The back-and-forth between Cartier and the World Gold Council before the TTAB continued through early 2015 before Cartier withdrew its opposition, seemingly in light of a settlement between the parties, and following initial approval from the USPTO in 2015, LoveGold’s marks were formally registered in 2018. All the while, Cartier and its parent company, Swiss conglomerate Richemont, were in and out of court in the United Kingdom in furtherance of a bigger fight: a case that would require internet service provider (“ISP”) companies – including defendants BT, Virgin Media, Sky, TalkTalk and EE – to block access to websites offering for sale and selling counterfeit and otherwise infringing versions of its watches and jewelry.
Unsurprisingly, one of most heavily-targeted jewelry products under the Richemont jewelery umbrella when it comes to counterfeits is Cartier’s coveted Love bracelet.
Ruling in favor of Cartier and Richemont July 2016, the England and Wales Court of Appeal confirmed a lower court’s finding that ISPs do, in fact, have an obligation to block sites infringe others’ trademarks. The court stated that while the responsibility to identify the offending websites lies primarily with brands, ISPs have a legal responsibility to cooperate in disabling them, thereby sharing the burden of combating the sale of counterfeit goods online with the brand owners. The win was a big one, and the outcome has been deemed a “landmark” victory.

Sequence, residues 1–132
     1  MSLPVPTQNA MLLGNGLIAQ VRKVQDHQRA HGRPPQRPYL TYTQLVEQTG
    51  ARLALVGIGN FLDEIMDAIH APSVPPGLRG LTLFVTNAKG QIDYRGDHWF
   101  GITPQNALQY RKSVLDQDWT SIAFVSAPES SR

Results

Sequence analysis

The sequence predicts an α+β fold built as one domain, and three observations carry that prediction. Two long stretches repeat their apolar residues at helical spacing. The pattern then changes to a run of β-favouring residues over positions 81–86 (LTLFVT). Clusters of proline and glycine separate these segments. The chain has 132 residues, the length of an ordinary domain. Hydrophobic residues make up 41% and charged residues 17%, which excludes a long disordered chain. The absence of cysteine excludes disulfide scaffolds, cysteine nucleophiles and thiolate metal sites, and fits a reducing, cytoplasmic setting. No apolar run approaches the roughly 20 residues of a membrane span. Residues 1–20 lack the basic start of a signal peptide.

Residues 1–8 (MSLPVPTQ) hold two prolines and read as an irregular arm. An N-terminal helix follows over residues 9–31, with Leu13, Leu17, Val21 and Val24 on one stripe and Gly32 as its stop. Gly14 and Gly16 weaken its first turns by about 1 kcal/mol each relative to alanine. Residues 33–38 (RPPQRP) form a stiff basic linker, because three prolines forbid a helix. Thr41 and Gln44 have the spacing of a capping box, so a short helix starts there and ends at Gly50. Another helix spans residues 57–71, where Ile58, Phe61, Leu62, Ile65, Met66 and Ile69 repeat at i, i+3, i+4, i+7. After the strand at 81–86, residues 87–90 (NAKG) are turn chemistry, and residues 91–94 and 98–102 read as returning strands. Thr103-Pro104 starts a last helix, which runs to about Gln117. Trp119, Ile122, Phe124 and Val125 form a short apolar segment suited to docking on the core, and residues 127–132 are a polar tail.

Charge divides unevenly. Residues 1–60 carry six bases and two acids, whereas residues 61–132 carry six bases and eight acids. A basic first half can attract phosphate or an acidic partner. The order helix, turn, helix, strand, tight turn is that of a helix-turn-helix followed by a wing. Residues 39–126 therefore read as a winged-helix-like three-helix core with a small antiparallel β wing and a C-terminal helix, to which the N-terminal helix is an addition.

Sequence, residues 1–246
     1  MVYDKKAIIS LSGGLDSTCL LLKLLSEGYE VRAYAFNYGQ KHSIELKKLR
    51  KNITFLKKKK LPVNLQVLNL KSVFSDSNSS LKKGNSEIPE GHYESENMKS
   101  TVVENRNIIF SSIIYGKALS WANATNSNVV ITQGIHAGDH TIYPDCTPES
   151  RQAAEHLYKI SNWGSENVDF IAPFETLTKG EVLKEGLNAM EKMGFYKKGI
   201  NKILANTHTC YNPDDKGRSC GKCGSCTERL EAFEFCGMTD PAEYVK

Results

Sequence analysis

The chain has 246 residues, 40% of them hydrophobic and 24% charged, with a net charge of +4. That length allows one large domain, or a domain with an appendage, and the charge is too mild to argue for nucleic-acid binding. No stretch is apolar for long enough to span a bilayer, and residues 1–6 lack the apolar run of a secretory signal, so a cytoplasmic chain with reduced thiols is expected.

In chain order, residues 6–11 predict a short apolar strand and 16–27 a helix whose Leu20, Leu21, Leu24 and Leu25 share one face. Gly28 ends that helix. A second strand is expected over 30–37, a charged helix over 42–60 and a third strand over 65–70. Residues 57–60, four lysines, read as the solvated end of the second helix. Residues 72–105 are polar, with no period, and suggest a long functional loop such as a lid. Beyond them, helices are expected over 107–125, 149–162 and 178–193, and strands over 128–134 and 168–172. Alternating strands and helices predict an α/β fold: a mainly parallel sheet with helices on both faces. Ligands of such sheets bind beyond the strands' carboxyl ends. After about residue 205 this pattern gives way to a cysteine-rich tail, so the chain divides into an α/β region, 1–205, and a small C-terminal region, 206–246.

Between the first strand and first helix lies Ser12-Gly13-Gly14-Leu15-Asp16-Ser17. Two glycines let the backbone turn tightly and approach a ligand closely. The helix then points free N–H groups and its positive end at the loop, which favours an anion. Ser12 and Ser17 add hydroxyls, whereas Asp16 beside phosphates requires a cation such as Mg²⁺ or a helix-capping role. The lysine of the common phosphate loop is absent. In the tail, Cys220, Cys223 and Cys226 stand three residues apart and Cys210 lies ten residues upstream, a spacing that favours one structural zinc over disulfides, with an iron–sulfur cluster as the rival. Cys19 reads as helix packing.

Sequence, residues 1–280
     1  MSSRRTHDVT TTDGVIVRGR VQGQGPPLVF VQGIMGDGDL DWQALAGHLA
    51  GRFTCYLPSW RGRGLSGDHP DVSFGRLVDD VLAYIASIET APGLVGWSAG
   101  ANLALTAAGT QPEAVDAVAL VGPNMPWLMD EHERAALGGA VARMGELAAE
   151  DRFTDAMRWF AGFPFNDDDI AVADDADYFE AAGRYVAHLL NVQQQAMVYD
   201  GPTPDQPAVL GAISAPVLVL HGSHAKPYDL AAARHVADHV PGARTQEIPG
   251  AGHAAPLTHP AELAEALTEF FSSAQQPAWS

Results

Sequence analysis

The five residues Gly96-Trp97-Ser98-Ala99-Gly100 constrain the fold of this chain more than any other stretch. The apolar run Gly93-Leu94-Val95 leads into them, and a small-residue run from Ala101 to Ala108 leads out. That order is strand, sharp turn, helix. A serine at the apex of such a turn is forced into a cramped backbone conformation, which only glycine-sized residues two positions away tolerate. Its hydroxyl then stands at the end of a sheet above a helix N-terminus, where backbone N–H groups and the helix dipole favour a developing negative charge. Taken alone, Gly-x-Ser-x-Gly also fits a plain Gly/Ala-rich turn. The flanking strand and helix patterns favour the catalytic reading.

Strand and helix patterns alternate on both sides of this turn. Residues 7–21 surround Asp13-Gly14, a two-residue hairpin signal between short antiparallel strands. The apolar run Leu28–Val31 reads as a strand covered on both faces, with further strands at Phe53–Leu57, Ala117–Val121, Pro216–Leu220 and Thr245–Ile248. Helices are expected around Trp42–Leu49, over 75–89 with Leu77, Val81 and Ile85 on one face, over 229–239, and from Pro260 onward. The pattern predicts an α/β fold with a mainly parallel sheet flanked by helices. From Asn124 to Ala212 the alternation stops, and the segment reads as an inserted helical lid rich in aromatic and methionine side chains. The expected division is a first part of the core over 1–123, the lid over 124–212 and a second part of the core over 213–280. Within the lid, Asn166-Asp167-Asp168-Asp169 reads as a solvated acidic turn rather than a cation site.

As for the claims from counsel for the ISPs that its quest to block websites that offer up counterfeit goods “restricts freedom of speech [and otherwise] legitimate activity,” Cartier’s parent pushed back. “This action is about protecting Richemont’s maisons and its customers from the sale of counterfeit goods online through the most efficient means,” a spokesman for the conglomerate revealed. “It is not about restricting freedom of speech or legitimate activity.”
After all, it is those very protections that have enabled Cartier to remain the easily-identifiable source of these coveted bracelets in the minds of consumers. And that level of exclusivity – paired with famous endorsements and oft-out of reach price tags, which do not drop too far below their original retail price on resale sites like The RealReal, which implies enduring demand – plays a signifiant role in how Cartier has been able to continue to sell the Love bracelet, decade after decade.
*This article was initially published in June 2019.